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Understanding album eras

The word 'era' has been a big part of mainstream music discourse recently, largely because of Taylor Swift and her "The Eras Tour," announced in November 2022. This tour is one big homage to the singer's past albums. However, despite people only starting to use the term now, artists have been crafting eras around their albums for a long time.

An era is a stylistic narrative crafted by the artist to accompany their album drops. It transforms the album from just a collection of songs to a shift of artistic expression that can be used to redefine the artist's relationship with the public. But what constitutes an era? How can we, as listeners, tell the difference between just another album drop versus an album era? It all starts with an artist's social media and real-life presence.

Doja Cat's 2023 album "Scarlet" and Billie Eilish's 2021 album "Happier Than Ever" are two recent examples that, interestingly, go in opposite directions. Doja Cat, tired of not being taken seriously as a rapper, flipped the script on her critics."Scarlet" trades in the wacky, colorful aesthetics of its 2021 predecessor, "Planet Her," for a more hardcore rap vibe with darker, more hellish aesthetics.

In contrast to Doja Cat's shift towards a darker and more hardcore rap vibe, Eilish took the opposite approach with "Happier Than Ever." Following the visually horror-inspired aesthetics of her debut album "WHEN WE ALL FALL ASLEEP, WHERE DO WE GO?," Eilish embraced an old Hollywood, earthy tone and aesthetic for her most recent era. 

At the dawn of these eras, these two artists made big changes across their social media platforms to signify what was coming. On YouTube, Doja Cat edited all of her music video thumbnails to have a distinctive red filter over them. On X, formerly Twitter, she deleted all of her previous tweets and commenced a series of cryptic messages, consistently concluding with blood emojis. Eilish's Instagram began to feature content with lighter, earthy tones and colors. All of that signified to their listeners that something much different from their previous albums was brewing.

Not only did they alter their social media presence, but also their real-life image. Doja started consistently wearing red, white and dark-colored clothing during paparazzi-filled public outings. A big part of both artists' public image was their hair. Doja shaved her head, opting out of wearing the wigs that had defined her public persona up to that point. Eilish changed her hair from her signature slime green and black combo to blonde to signify that "Happier Than Ever" was a lighter era. She also wore less edgy makeup and moved away from her typical baggy fashion sense. In an iconic 2021 Met Gala look, Eilish shocked the world with a massive, peach-colored Oscar de la Renta gown

Eilish truly was "happier than ever” and her style showed it. During her previous era, her style was darker. Years of criticism of her art and versatility made Doja Cat start appearing in a way that reflected her scarlet-colored rage.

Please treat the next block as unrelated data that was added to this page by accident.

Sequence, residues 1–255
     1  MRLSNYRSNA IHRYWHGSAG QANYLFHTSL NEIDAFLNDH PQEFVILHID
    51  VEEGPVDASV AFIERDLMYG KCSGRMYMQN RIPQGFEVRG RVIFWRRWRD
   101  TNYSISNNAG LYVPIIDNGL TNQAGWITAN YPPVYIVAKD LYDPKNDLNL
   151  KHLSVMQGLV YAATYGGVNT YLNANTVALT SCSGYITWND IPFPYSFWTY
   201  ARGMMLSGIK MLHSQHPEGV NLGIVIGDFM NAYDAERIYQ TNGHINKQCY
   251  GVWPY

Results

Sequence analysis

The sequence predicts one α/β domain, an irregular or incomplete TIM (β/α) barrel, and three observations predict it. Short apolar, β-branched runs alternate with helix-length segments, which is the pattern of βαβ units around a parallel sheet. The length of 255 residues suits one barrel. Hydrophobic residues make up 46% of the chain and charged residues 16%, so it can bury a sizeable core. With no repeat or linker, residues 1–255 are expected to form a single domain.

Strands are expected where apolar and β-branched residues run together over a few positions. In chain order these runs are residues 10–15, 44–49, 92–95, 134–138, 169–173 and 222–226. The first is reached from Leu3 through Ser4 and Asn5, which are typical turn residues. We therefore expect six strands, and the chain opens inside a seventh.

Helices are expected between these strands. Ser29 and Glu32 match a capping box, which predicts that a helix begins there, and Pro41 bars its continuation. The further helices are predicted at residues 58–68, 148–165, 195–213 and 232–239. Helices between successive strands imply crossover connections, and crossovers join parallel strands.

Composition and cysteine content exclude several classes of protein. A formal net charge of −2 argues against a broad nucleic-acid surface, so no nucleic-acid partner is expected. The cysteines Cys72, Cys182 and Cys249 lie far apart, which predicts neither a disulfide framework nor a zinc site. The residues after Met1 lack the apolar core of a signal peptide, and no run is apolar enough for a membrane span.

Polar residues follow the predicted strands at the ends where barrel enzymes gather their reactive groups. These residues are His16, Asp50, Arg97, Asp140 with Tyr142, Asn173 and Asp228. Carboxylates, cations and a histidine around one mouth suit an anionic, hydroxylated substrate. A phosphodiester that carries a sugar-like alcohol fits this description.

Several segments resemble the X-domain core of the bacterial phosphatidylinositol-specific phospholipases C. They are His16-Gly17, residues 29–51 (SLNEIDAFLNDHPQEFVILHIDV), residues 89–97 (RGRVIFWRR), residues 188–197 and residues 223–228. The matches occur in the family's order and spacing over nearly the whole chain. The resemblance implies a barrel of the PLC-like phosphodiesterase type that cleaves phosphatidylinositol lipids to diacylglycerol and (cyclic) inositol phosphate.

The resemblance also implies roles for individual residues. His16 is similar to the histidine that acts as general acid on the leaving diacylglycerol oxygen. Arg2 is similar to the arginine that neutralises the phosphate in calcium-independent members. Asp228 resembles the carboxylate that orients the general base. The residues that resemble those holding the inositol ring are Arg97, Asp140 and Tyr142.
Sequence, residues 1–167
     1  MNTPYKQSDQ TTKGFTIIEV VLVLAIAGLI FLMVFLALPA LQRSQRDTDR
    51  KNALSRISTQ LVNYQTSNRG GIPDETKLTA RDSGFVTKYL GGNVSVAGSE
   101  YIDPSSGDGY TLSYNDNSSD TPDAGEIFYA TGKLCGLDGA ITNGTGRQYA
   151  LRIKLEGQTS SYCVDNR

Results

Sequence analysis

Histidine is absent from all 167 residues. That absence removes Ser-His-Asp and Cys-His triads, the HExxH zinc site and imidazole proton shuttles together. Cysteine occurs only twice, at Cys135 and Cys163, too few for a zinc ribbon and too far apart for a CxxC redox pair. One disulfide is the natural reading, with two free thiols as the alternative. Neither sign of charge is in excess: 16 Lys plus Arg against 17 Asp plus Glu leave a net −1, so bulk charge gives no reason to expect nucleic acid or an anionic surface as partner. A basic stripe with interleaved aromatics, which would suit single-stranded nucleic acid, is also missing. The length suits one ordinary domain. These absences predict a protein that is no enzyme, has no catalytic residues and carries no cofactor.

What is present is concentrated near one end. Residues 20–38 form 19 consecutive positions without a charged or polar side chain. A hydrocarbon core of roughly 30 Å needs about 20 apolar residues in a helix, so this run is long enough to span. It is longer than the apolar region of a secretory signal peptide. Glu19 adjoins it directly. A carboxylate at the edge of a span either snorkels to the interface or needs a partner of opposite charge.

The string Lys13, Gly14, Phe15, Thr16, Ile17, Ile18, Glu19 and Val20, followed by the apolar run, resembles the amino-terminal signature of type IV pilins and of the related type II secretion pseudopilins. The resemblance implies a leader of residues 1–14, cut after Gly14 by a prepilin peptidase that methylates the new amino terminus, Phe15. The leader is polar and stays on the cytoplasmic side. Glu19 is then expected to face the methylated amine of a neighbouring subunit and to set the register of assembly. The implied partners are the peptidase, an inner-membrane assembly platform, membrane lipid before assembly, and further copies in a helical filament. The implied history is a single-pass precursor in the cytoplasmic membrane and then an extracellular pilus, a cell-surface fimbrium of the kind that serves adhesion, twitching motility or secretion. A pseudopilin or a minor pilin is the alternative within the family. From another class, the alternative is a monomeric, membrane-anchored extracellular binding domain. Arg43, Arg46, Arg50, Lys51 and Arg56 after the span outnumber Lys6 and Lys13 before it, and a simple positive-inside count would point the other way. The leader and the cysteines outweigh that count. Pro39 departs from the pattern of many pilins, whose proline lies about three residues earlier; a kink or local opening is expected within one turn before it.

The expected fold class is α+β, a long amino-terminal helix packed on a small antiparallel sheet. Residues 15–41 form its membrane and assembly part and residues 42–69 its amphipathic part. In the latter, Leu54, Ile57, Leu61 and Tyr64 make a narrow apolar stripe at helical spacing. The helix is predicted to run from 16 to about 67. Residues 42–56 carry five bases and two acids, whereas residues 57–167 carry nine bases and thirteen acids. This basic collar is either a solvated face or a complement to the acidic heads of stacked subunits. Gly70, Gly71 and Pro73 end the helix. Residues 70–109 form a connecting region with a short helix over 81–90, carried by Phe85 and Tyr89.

Those drastic changes served as the foundation for their albums' lead singles. "Paint The Town Red" served as an introduction to "Scarlet" and featured the pop-rapper dismissing her haters while dancing with the devil over a hip-hop beat. This strongly contrasts her previous album's lead single, "Kiss Me More," a considerably lighter song in content and visuals. That song showcased Doja Cat and featured artist SZA on the fictional Planet Her, playing with an astronaut and singing about everything they enjoy doing with their lovers.

Eilish released "My Future" as the lead single for "Happier Than Ever," and this song portrays the singer strolling through a serene, natural landscape while contemplating her life. She reflects on her past and expresses some optimism, singing about her hopes and dreams for the future. A stark contrast to the last album's lead single, "You Should See Me In a Crown," a song widely considered to be one of the singer's darkest in content.

"Happier Than Ever" marked a significant turning point in Eilish's emotional journey, representing her spiritual evolution in contrast to "WHEN WE ALL FALL ASLEEP, WHERE DO WE GO?" where melancholic undertones served as the bulk of the album. "Happier Than Ever" showcased Eilish's newfound sense of optimism. Despite the continuation of some darker content lyrically, the album demonstrated Eilish’s ability to confront her struggles and embrace a positive outlook on life. That era symbolized her happier state of mind.

"Scarlet" was less about an emotional transformation and more about breaking out of the artistic box imposed on Doja Cat by her critics, similar to Miley Cyrus' Channel-esque transformation of public image.

With gritty, defiant rap tracks, Doja Cat showcased her exceptional rapping skills, complete with direct and provocative lyrics and imagery. "Scarlet" became a rebellious statement, flipping the finger at critics and establishing Doja Cat as an artist unafraid to challenge boundaries and assert her identity on her own terms.

It's safe to say that an era elevates an album’s release from just a musical event that is bound to come and go to a memorable experience. It provides a canvas for artists to paint their own narratives, challenge expectations and, most importantly, make their mark on the ever-changing pop culture landscape.


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